It was sadly the end of our 14 month Latin American adventure and the time had finally come for us to leave Mexico after such an incredible 6 weeks.
We had a direct flight booked from Mexico City to San Diego in the US. Sounds simple yes?! Well, the reality was a journey that began at 4am, involved arguing with airline staff, a missed flight, 5-6 kms of walking around the airport, more arguing with airline staff, a flight to Tijuana, 4 hours in a border queue, arguing with US border officials and an eventual arrival into San Diego 8 hours later than expected. My, were we exhausted. On the plus side though, we had lots of time to practice our argumentative Spanish and finally get what we wanted!
Oh Volaris, what an airline. We were unable to check-in online for our flight to the US, so we lined up in the queue 2 hours before departure only to find that we were still in the line when check-in was closing. I asked a Volaris employee about my concern, only to be told 'tranquilo' - it's all ok, you'll make your flight. Finally 15 mins before the flight was about to leave they checked us in and told us to hurry to the gate. Rushing through security and running through the airport, we arrived at the gate just as our flight was taking off. Ridiculously, this airline, checked our bags in but did not hold the flight until we arrived! So we spent most of the morning trying to locate our luggage so that we could catch the flight to Tijuana - the slightly dangerous Mexican/US border town. It was a real insight crossing the land border into the US, as we got to experience first hand the treatment of Mexicans by US officials. Shocking. We were also treated badly, making it not the nicest welcome into the States. We were hoping that this was not going to be the sign of things to come.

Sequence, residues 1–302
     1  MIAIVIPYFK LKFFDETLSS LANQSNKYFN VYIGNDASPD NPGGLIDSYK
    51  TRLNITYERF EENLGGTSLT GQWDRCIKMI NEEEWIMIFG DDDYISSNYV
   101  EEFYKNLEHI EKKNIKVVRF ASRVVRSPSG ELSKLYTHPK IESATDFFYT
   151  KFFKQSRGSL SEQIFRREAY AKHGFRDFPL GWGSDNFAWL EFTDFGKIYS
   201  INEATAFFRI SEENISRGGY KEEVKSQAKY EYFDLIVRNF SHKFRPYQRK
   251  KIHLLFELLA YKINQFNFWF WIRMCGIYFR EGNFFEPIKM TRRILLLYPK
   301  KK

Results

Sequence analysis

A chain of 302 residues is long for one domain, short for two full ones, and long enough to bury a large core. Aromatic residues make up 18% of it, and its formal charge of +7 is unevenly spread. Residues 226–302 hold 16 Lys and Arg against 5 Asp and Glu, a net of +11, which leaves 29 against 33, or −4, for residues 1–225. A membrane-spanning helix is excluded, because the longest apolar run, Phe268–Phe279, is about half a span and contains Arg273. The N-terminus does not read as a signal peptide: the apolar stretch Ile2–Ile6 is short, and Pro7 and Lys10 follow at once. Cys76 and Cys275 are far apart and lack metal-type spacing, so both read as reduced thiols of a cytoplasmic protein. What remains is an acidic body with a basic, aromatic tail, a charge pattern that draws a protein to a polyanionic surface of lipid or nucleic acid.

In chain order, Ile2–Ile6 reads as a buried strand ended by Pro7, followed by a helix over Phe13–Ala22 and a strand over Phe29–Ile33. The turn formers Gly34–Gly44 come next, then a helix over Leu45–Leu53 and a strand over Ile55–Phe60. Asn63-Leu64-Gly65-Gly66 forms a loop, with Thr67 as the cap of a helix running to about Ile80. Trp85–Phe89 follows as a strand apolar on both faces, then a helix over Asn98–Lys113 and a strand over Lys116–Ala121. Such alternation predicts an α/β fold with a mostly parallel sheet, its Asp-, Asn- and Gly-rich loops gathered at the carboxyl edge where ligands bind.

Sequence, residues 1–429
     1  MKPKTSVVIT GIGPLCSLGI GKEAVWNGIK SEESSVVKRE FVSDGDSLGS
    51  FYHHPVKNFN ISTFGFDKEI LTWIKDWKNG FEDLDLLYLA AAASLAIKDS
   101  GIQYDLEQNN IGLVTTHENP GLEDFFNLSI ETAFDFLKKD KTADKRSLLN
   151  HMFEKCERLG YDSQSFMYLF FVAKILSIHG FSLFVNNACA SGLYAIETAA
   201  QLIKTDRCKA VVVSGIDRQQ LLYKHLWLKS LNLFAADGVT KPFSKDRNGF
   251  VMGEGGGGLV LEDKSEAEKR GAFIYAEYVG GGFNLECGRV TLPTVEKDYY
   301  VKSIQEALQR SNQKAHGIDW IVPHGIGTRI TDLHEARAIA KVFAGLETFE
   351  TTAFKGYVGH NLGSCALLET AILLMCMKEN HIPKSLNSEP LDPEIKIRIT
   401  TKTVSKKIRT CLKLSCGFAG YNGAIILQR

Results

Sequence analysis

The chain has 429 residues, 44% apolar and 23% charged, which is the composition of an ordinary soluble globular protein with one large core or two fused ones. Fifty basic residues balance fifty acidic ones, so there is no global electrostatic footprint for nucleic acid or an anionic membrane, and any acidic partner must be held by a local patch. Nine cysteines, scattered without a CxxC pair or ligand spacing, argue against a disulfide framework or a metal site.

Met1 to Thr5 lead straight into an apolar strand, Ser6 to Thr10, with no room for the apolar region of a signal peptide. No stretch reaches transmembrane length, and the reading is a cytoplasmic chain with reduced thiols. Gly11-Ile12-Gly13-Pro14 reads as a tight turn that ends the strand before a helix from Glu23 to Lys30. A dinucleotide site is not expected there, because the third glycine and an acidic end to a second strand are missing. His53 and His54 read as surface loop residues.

the past 14 months in Latin America. We were faced with 4-lane highways, huge cars containing only 1 person, clean and modern buildings, copious amounts of fast food outlets, a slight feeling of emptiness. We had nothing against San Diego. We liked the city, its relaxed atmosphere, sense of space and clean coastal air. It was just such a huge contrast to Latin America, hustle and bustle, constant blasting music, colour, traffic, pollution, cramped spaces and sense of community spirit.
We stayed with John and Hayley, friends from Australia who have lived in Carlsbad, San Diego for the past few years. They were fabulous hosts and live on the most beautiful of Californian streets in a proper Californian bungalow with the gorgeous and feisty Chester! Thanks guys for showing us a fab time.
Friday, July 13, 2012